Friday, 3 June 2016

#APD cut is lose, lose - for public services and for climate action

#WED2016 It is World Environment Day on Sunday 5 June. A good day for the Scottish Government to cancel plans to cut Air Passenger Duty.

UNISON Scotland today urged the Scottish Government to prioritise protecting public services by axing its plans to first cut APD by 50%, then eventually abolish the tax.

In our response to the Scottish Government consultation on APD, closing today, we argue that Ministers should be defending public services and working for social justice by opposing austerity and tackling inequalities. Climate change action is essential and should support these goals. 

Instead, this policy proposal would benefit the wealthiest, while increasing aviation emissions. A lose, lose proposal for Scottish public services and for protecting our world for future generations.

If Scotland is to meet its proudly proclaimed as world leading climate change targets, a cut to APD makes no sense. The Scottish Government should think again.

APD brings an estimated £230-£300m a year to the Scottish Government. Cutting it takes that money away from essential services likes schools and hospitals. That £300m, Stop Climate Chaos Scotland has calculated, could employ 11,507 nurses, or fund a year of childcare for 54,011 children, nearly every child who will be born in Scotland this year. It could install solar panels on 60,000 homes, convert every bus in Edinburgh to full electric, or restore 57% of Scotland‟s degraded peatlands, saving up to 1.4m tonnes of CO2 emissions.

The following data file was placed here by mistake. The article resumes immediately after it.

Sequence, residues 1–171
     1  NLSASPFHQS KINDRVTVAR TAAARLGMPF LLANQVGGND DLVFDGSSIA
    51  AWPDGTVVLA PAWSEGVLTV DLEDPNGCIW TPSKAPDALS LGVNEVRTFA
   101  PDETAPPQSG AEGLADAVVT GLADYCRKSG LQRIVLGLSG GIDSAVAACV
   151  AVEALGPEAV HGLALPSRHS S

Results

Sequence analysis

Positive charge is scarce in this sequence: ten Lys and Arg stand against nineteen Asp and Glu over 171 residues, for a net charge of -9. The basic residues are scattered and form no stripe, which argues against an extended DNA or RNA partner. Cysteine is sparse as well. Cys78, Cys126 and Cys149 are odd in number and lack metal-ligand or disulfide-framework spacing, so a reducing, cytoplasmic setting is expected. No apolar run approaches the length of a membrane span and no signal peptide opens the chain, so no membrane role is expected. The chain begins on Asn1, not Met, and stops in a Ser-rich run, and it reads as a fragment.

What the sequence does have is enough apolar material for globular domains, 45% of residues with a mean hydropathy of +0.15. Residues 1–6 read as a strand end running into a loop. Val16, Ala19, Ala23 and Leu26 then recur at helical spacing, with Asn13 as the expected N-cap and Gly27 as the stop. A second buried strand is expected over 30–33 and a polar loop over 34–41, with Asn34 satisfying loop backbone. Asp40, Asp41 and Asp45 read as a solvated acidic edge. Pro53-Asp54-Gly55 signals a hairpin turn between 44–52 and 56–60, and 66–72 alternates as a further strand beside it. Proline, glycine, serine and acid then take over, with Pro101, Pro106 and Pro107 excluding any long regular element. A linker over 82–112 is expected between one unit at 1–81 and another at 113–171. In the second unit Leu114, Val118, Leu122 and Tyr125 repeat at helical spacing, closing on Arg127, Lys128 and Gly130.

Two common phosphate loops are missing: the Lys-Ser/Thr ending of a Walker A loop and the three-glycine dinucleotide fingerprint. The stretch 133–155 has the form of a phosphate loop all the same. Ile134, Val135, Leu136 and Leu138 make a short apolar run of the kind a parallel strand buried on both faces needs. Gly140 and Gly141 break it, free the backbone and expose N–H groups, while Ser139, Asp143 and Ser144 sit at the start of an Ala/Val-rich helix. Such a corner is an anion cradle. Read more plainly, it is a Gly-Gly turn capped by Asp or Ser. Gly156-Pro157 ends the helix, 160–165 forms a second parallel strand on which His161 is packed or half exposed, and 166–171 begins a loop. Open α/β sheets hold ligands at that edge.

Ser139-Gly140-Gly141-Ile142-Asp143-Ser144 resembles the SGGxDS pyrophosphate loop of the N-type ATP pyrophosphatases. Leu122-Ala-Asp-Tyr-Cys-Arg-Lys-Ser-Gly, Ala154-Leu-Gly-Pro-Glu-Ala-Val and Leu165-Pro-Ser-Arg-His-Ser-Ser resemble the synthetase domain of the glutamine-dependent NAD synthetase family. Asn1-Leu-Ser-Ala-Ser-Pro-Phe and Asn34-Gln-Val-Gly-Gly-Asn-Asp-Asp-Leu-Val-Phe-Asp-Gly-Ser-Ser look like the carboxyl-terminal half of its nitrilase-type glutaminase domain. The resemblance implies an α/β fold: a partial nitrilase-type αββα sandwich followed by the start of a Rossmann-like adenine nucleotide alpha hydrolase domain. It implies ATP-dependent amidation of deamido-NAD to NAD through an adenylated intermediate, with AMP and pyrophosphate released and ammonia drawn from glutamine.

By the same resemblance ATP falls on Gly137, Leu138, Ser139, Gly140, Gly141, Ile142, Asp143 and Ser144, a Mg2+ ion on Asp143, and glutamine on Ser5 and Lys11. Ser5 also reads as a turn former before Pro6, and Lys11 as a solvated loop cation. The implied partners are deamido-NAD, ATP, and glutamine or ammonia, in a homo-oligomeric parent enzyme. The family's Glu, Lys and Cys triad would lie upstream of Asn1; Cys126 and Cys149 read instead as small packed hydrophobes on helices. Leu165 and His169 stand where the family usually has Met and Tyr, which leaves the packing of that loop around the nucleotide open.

UNISON is a member of Stop Climate Chaos Scotland and supports the SCCS response to the consultation. 

The key points from that are:

  • The proposed 50% reduction in Air Passenger Duty (APD) is inconsistent with Scotland’s climate commitments. The Scottish Government’s assessment shows it may increase emissions by up to 60,000 tonnes CO2e per year, at a time when we need action to decrease, not increase, emissions from air travel.
  •  Aviation is already significantly under-taxed through exemption from fuel duty and VAT. This is why APD was introduced. The UK aviation industry continues to benefit from tax exemptions of several billion pounds per year.
  • There is no independent evidence that cutting APD would provide a net benefit to the economy. In fact, cutting APD could result in a net loss of income resulting from reduced domestic tourism.
  • There is no independent evidence that APD is a significant barrier to increasing Scotland’s international connectivity. The Government’s own analysis of a 50% cut suggests that more than half of the passenger increase would come from people flying with the UK, where rail alternatives exist.
  • Cutting APD, which brings an estimated £230-£300m per year to the Scottish Government, at a time of austerity cuts and whilst funding is urgently needed to facilitate the low carbon transition, directly contradicts the Scottish Government’s social and environmental goals.

The Scottish Government should now cancel its dangerous and widely criticised policy on APD, maintain the overall tax take from APD at existing levels and bring forward new proposals that reduce climate emissions from the aviation sector.

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